Vibrant networks producing INGENious results!

Most days, I find myself communicating with colleagues from afar on various projects, proposals, and ideas. On a typical day, I hear from Dr. Inês Direito in London (UK), Dr. Lelanie Smith in Pretoria (South Africa) and Dr. Carlos Efrén Mora Luis in Tenerife (Spain). We have many overlapping interests–one being how to understand student motivations and emotions and how to use this understanding to help students tackle and persist through challenges. I often hear from our co-author Dr. Bill Williams, from outside Lisbon (Portugal) as well.

A past meeting of minds among Inês (center), Lelanie (right), and me. These days we can only meet online.

In addition to engineering motivations, we are also all interested in sustainability — environmental, economic and social. So over the past few weeks, WhatsApp and Signal chats have been rich and frequent.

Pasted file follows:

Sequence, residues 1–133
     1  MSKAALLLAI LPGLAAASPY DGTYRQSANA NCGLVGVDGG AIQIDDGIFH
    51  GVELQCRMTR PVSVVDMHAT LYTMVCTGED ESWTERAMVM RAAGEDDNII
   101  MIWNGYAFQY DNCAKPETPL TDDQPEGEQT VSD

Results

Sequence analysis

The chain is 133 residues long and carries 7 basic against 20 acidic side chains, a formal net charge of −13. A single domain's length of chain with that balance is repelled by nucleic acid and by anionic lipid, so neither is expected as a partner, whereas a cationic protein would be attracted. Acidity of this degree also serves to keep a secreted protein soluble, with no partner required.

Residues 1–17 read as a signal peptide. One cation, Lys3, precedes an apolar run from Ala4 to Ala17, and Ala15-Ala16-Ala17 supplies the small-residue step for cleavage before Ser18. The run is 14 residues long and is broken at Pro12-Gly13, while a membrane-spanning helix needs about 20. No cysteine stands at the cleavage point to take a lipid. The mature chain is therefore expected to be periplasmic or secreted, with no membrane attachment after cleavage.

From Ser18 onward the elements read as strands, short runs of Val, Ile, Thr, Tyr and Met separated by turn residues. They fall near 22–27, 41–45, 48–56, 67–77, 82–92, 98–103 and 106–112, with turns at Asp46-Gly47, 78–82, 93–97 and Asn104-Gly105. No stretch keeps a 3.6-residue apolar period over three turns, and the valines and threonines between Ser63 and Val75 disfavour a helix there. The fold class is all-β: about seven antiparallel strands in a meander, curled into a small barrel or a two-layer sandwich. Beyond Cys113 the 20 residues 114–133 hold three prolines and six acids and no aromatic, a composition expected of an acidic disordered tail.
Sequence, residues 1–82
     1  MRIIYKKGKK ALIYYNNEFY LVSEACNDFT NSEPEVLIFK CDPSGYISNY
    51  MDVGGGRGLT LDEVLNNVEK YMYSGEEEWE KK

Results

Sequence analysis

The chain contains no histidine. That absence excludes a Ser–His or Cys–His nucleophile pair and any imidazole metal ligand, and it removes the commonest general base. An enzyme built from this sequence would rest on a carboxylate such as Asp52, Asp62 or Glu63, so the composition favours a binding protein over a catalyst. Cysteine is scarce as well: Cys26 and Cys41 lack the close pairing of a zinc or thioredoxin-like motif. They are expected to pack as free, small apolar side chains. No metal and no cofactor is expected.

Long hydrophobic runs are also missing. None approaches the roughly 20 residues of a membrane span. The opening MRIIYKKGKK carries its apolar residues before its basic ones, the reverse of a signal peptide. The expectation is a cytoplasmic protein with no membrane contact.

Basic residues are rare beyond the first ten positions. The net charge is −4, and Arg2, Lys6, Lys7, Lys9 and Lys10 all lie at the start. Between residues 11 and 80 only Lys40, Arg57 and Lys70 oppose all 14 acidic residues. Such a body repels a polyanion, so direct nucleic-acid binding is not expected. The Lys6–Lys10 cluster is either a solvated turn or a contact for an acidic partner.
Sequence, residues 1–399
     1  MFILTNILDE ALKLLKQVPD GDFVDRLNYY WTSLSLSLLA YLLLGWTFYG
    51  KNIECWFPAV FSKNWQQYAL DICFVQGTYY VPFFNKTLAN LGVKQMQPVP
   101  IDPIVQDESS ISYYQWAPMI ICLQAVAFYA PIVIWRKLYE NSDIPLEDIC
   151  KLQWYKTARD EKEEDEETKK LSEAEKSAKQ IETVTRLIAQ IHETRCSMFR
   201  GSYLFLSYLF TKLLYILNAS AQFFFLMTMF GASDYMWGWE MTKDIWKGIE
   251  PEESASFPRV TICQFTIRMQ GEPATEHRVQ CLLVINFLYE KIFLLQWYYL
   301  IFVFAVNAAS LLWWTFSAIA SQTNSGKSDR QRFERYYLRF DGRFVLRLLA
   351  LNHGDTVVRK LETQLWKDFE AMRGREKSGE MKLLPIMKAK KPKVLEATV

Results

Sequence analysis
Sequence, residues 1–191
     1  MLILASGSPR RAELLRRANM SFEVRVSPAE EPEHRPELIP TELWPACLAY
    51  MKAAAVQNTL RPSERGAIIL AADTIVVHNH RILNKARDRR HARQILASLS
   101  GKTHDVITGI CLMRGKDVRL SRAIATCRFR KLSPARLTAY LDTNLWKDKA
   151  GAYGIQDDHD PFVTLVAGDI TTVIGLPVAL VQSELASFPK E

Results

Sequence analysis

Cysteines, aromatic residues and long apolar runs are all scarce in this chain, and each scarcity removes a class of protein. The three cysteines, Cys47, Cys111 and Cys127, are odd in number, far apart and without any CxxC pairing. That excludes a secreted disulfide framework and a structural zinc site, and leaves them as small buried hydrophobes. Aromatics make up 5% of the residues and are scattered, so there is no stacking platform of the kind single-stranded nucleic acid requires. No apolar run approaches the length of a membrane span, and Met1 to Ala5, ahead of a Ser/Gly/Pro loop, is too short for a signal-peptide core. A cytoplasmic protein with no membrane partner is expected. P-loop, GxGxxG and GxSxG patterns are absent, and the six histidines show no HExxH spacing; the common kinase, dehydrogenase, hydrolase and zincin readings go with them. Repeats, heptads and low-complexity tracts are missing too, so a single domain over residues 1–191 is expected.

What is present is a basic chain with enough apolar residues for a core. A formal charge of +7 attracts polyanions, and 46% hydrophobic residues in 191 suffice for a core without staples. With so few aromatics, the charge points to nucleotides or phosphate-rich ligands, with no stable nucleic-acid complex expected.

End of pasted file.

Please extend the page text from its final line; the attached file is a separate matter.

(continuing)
Today alone, Lelanie, Inês, and I discussed research plans. Inês, Bill, and I submitted a conference paper on Brexit (with Inês in the lead and comments from Bill and me). Inês and I refined a journal manuscript on engineering ethics (with me in the lead and verbal input from Inês — she will edit my current version in the morning).

Down in the Spanish Canaries, Carlos has been fighting sand storms, as dust from the Sahara Dessert enveloped the islands. The weekend’s sandstorms were one of a number of challenges he’s faced recently, but he’s never one to give up.

Carlos (Dr. Carlos Mora) speaking at the launch of the INGENIA project. Hundreds of students attended the event, which featured speakers from around the world.